The main conceit of Carly Simon’s 1972 hit single ‘You’re So Vain’ is that the subject of the song would (correctly) assume it was about them, such was their solipsism.
The real weight of the song comes, however, from Simon’s long-held refusal to reveal who the song from actually written about, with theories over the years centering on three main suspects: Warren Beatty, James Taylor, and Mick Jagger, all of whom were involved with Simon at various times.
Many assume the song is about a composite of separate men, and Simon strengthened this theory in 2015, telling People that Beatty was indeed the subject of the second verse – although she quipped that he thought the entire song was, in fact, about him.
Now she has dropped another bomb during a recent BBC documentary, playing an unheard fourth verse, which complicates the story somewhat. The verse introduces multiple wives, suggesting either a long-term affair or some Mormon interactivity. “This is a verse that I haven’t ever sung,” Simon said, before performing the section. “I wrote it a while ago on a pad, but it never made it into the song.”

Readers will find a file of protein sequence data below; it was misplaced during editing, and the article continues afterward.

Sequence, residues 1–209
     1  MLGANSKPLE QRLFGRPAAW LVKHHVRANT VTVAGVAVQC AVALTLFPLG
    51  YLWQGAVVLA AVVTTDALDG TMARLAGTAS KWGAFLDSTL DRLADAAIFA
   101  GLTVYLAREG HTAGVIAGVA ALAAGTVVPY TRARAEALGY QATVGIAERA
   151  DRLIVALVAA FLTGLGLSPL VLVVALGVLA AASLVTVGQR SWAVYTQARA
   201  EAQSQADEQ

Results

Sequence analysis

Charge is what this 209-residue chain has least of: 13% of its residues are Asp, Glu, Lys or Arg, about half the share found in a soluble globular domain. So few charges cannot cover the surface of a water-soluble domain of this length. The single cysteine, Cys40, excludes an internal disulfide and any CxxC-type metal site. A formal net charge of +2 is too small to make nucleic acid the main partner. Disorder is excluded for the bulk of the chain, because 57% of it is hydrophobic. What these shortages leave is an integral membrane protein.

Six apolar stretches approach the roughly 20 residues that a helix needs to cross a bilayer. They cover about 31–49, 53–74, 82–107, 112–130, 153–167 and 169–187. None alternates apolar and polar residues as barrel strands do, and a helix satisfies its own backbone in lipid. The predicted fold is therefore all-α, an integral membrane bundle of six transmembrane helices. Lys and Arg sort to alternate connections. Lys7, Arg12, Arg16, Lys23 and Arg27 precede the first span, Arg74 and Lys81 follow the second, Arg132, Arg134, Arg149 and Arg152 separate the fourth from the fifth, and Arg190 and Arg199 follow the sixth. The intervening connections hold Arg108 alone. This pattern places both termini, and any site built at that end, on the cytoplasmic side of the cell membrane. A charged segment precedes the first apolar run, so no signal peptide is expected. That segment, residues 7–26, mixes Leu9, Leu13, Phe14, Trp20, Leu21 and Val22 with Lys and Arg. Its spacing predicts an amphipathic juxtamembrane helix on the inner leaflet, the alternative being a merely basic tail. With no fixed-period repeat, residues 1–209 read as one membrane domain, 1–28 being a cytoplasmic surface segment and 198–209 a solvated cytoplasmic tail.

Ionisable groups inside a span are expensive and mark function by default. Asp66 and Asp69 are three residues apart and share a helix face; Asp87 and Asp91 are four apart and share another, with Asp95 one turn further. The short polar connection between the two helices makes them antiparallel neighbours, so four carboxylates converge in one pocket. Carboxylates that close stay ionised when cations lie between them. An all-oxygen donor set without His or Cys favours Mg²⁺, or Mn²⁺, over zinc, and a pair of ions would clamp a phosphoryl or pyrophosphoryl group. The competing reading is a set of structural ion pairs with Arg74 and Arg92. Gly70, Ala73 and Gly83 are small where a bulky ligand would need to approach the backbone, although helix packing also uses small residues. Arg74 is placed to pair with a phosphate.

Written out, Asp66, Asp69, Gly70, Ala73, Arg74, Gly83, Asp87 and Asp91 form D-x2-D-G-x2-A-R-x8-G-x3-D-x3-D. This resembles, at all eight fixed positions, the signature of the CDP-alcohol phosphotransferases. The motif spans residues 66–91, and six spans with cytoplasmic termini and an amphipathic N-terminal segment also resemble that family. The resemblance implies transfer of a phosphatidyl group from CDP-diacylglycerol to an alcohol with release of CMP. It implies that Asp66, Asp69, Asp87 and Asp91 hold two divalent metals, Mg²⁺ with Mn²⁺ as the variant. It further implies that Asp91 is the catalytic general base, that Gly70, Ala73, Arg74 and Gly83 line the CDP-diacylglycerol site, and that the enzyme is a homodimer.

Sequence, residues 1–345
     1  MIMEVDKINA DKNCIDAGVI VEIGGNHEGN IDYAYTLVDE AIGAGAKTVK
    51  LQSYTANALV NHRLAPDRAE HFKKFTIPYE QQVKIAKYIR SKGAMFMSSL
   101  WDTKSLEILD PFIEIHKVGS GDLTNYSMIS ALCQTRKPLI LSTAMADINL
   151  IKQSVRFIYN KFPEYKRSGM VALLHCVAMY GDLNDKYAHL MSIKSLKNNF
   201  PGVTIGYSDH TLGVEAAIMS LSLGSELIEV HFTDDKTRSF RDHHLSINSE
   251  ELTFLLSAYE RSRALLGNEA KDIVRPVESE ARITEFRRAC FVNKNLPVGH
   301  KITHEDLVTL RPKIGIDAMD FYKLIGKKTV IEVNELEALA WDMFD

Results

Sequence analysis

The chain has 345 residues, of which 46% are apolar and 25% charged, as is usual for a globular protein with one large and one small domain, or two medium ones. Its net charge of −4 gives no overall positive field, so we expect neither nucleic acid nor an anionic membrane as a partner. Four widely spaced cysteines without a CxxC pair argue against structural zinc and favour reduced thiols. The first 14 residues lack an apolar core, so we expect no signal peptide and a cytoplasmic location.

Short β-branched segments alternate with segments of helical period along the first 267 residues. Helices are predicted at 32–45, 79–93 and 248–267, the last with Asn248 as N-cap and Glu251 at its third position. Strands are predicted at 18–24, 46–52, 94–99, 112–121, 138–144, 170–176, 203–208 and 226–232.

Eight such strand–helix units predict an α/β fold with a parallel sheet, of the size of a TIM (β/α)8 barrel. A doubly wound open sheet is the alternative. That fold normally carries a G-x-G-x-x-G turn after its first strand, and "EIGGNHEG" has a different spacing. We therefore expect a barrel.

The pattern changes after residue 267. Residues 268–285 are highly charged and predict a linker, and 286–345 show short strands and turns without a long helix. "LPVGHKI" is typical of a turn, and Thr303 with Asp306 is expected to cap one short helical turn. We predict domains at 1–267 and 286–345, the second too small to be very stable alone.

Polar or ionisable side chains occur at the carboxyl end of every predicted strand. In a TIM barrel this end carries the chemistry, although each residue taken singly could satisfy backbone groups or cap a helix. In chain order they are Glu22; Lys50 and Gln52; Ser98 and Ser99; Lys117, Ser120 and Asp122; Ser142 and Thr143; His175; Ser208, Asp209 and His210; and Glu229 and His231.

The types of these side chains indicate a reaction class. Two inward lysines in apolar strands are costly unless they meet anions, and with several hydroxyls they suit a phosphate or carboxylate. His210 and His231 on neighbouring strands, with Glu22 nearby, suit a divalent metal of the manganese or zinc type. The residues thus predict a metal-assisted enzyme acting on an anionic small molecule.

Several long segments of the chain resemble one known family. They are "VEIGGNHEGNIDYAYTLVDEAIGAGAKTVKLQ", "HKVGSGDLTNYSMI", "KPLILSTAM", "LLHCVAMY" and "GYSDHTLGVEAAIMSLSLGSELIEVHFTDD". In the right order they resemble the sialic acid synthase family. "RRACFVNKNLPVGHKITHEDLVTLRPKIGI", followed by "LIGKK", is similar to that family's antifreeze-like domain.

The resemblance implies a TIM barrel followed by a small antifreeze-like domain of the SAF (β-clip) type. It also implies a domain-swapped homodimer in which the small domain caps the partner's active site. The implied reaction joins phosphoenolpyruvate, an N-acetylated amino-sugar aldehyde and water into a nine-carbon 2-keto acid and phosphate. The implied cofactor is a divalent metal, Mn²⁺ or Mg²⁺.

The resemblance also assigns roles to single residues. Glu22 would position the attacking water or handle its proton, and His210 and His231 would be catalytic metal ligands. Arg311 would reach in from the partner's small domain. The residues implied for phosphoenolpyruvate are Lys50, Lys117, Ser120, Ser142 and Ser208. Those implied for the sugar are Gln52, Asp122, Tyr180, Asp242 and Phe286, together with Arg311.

“A friend of yours revealed to me, that you’d loved me all the time”, the verse begins. “Kept it secret from your wives, you believed it was no crime. You called me once to ask me things I couldn’t quite divine. Maybe that’s why I have tried to dismiss you, tried to dismiss you.”
The plot thickens.